Finding Filaments: Identifying How Gas Flows into Galaxies

Overview

Background quasars are excellent tools for examining the environment surrounding foreground galaxies because they are relatively bright and have a relatively easy-to-model continuum emission across a broad spectral range. In this paper, absorption spectroscopy is used to explore how gas accretes onto galaxies. This gas is the fuel from which star formation can occur; these baryons can enter the galaxy, cool further and collapse, and eventually, form stars. In particular, the authors examine a Lyman limit system that appears near other galaxies in projected distance on the sky. (A Lyman limit system is defined a one in which the optical depth is greater than 1 at the Lyman limit, 912 angstroms in the rest-frame; a previous post  by Dan provides a good discussion of Lyman line absorption.)

One model of gas accretion onto galaxies is cold mode accretion (CMA). In this paradigm, kinematically cold filaments feed baryons directly into the centers of dark matter halos. Developed only in the past decade theory (e.g., see Keres et. al 2005), this framework allows for the cold, metal-poor gas (T ~ 104 K; Z ~ 10-3 – 10-2 of solar metallicity) needed for star formation to enter dark matter halos (particularly lower mass ones) without being shock heated to the virial temperature. (The virial temperature is the temperature equivalent to the kinetic energy of a particle for which the virial theorem — which equates kinetic with potential energy — holds.)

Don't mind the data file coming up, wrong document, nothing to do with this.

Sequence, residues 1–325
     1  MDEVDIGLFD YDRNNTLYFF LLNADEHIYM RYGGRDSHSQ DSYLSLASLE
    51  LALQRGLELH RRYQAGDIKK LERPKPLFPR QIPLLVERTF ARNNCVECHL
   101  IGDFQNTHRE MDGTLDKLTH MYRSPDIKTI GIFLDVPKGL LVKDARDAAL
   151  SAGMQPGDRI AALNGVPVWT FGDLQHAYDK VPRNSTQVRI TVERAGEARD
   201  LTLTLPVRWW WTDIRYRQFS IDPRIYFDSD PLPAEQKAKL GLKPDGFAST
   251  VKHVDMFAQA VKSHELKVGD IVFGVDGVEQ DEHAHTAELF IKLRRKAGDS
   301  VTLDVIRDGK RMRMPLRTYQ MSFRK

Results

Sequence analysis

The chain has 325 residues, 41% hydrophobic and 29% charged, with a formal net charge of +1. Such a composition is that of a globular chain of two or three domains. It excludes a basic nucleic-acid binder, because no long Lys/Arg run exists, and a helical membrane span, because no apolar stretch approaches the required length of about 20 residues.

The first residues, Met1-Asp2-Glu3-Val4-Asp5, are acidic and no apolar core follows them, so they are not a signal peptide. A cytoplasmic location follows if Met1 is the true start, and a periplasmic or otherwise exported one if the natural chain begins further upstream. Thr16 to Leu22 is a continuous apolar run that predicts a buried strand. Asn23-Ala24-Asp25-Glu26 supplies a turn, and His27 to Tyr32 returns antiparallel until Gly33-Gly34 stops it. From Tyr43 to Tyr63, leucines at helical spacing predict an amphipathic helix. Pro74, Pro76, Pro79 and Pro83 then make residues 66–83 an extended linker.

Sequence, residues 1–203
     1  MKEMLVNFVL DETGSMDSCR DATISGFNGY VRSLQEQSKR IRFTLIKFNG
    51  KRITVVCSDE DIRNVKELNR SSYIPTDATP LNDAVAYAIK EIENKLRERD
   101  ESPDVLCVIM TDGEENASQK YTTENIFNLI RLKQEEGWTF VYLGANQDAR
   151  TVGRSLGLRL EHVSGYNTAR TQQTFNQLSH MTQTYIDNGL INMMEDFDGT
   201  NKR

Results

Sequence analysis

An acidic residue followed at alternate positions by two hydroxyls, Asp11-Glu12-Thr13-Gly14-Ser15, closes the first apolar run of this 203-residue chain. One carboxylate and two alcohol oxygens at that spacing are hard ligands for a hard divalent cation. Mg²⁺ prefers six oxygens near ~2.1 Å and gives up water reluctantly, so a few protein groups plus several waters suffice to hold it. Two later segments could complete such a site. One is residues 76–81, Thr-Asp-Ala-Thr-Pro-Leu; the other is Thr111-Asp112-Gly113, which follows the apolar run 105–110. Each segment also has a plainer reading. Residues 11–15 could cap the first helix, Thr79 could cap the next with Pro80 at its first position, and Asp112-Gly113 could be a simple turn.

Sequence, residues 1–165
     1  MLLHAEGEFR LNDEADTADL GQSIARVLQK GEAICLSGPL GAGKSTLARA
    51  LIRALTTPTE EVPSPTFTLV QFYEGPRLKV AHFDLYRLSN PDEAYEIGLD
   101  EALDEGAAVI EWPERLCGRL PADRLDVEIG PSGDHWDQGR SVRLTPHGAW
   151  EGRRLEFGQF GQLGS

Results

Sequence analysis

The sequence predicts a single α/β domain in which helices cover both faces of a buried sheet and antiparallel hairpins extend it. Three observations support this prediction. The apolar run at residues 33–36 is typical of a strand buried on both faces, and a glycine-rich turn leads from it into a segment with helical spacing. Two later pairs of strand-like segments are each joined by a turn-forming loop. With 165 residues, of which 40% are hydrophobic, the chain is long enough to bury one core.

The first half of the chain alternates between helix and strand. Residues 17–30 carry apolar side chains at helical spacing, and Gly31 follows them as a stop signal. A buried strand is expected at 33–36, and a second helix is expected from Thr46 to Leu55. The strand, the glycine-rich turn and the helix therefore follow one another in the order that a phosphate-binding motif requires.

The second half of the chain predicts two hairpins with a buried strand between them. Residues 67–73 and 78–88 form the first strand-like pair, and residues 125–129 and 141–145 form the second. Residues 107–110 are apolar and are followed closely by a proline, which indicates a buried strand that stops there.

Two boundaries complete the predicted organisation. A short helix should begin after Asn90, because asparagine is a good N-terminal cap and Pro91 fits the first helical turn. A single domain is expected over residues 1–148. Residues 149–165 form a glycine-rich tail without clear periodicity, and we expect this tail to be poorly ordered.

In this paper, Ribaudo et al. provide direct evidence of a possible cold gas stream accreting onto a galaxy. Using Hubble Space Telescope (HST) and Keck spectroscopy and imaging from the Large Binocular Telescope, the authors identify a metal-poor Lyman limit system (LLS) in absorption against a background quasar and associate it with a nearby galaxy at an identical redshift. The authors argue that the observations are consistent with Cold Mode Accretion.

Original Caption (Ribaudo et al 2011): Fig. 1.— A small section of a 2.5 ks LBT g-band image of the PG1630+377 field (left). The dashed circle shows a 100 kpc radius (∼ 25′′) about the QSO at z = 0.274. The host galaxy candidate is labeled 296 9 and is a projected 37 kpc from the QSO line of sight (marked with a +). Other galaxies in the field with spectroscopic redshifts are noted. Foreground stars are marked with a star symbol. The LRIS spectrum of galaxy 296 9 (upper right) shows the emission lines characteristic of a star forming galaxy. A portion of the COS spectrum of PG1630+377 (lower right) shows the LLS located at z =0.27395 and the Lyman series lines leading up to the break. The H I column density of the LLS (log N (H I) = 17.06 ± 0.05) was calculated by comparing the estimated unabsorbed continuum flux (upper dashed line) and the estimated mean absorbed flux (lower dashed line).

The Lyman Limit System